A recent discussion on LXer asked the question, " Where are the readers?" It spawned an informative discussion about analysis of web site statistics. Those statistics are fairly obviously of financial concern to the publisher, since it costs money to keep LXer online, but are they important, otherwise? Do they serve the community of GNU/Linux and FOSS?
[Disclaimer: This is entirely my own opinion. It does not necessarily
reflect the opinion of other LXer editors nor LXer's publisher. Even
this disclaimer is my own; no one at LXer requested it.]
worry about the finances; I'm just here for the party.
I am personally interested in whether people consider LXer a good
place to find out what's going on with GNU/Linux and FOSS. Is it a
preferred jumping-off point? Is this where penguins and GNUs gather to
start their day? What is needed to build a solid, core community of
When LT was microslimed back in
2001, the community lost a significant news portal and discussion
site as people turned away in droves. The
and subsequent, permanent MS "Get the Facts" advertisements turned LT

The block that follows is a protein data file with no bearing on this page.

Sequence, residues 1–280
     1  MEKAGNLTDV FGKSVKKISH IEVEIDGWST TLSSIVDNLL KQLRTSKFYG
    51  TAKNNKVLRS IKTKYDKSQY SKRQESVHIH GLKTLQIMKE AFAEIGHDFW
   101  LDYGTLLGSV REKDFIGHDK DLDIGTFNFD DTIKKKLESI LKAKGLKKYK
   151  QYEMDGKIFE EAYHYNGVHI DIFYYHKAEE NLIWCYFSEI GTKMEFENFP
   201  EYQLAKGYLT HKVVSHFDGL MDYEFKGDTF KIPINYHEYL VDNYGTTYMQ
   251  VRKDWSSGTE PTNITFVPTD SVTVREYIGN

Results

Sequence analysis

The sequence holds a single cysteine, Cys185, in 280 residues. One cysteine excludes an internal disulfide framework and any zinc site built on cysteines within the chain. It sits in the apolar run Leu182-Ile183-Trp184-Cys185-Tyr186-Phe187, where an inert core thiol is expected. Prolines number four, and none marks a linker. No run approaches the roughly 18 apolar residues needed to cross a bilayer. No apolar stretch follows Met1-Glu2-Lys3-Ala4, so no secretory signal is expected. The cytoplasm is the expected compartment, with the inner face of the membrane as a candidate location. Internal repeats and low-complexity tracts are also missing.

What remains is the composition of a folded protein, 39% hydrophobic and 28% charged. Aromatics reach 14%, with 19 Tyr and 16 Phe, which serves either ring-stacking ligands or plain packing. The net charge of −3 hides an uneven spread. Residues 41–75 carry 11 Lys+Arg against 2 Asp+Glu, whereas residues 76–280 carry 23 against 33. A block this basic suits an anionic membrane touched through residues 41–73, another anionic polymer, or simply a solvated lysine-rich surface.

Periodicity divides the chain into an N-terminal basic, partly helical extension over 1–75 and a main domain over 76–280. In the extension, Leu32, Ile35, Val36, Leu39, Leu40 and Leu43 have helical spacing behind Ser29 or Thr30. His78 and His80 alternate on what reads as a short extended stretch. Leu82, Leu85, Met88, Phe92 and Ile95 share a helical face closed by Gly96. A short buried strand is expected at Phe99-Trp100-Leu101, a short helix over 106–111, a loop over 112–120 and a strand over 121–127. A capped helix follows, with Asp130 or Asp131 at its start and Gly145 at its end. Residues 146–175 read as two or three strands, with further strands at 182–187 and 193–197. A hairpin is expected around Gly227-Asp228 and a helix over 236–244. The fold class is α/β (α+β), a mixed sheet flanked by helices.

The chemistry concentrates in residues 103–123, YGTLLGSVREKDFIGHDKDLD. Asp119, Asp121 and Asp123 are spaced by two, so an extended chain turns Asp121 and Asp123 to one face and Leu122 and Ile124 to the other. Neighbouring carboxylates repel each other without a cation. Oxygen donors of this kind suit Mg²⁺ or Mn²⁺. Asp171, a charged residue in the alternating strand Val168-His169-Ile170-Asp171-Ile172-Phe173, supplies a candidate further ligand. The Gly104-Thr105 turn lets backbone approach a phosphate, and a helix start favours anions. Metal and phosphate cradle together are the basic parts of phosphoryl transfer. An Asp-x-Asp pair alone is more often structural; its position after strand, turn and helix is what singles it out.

into a mockery of what it had been. No amount of sweat by well-meaning
editors can erase the taint allowed and condoned by the owners, then and
in the interim.
LXer, in my opinion, is the logical successor to old LT (pre-MS
infection). Until LXer appeared, there was no suitable replacement. We
have weekly magazines, such as LWN and
monthlies like Linux Gazette, and
newspapers, such as NewsForge,
and specialized sites, such as Groklaw and LinuxQuestions.org, but, until
LXer, no good paper boy standing on the corner yelling, "Extra! Extra!",
specifically about FOSS and GNU/Linux, with an interested and
knowledgeable group gathered, analyzing and discussing that news.
We as a community need that paper boy. We need that group of people
picking through the news for flaws and jewels. We don't have the massive
public relations teams nor lobbyist funds nor the drip-feed access to tilt
mainline "journalists" our way. What we have are people, and specifically,
That's where the stats come into play. How many people can we send to a
site that reports factually? How many can we deny a site that spreads
purchased FUD? How many can the gang of geeks educate as to which is
which? There's the power of a good GNU/Linux news portal.
Give geeks the real facts and they will push for freedom, for all of its
personal, pragmatic, selfish and selfless benefits. There is strength in
numbers, certainly, but that strength is leveraged by active,
enlightened self-interest, tempered with idealism.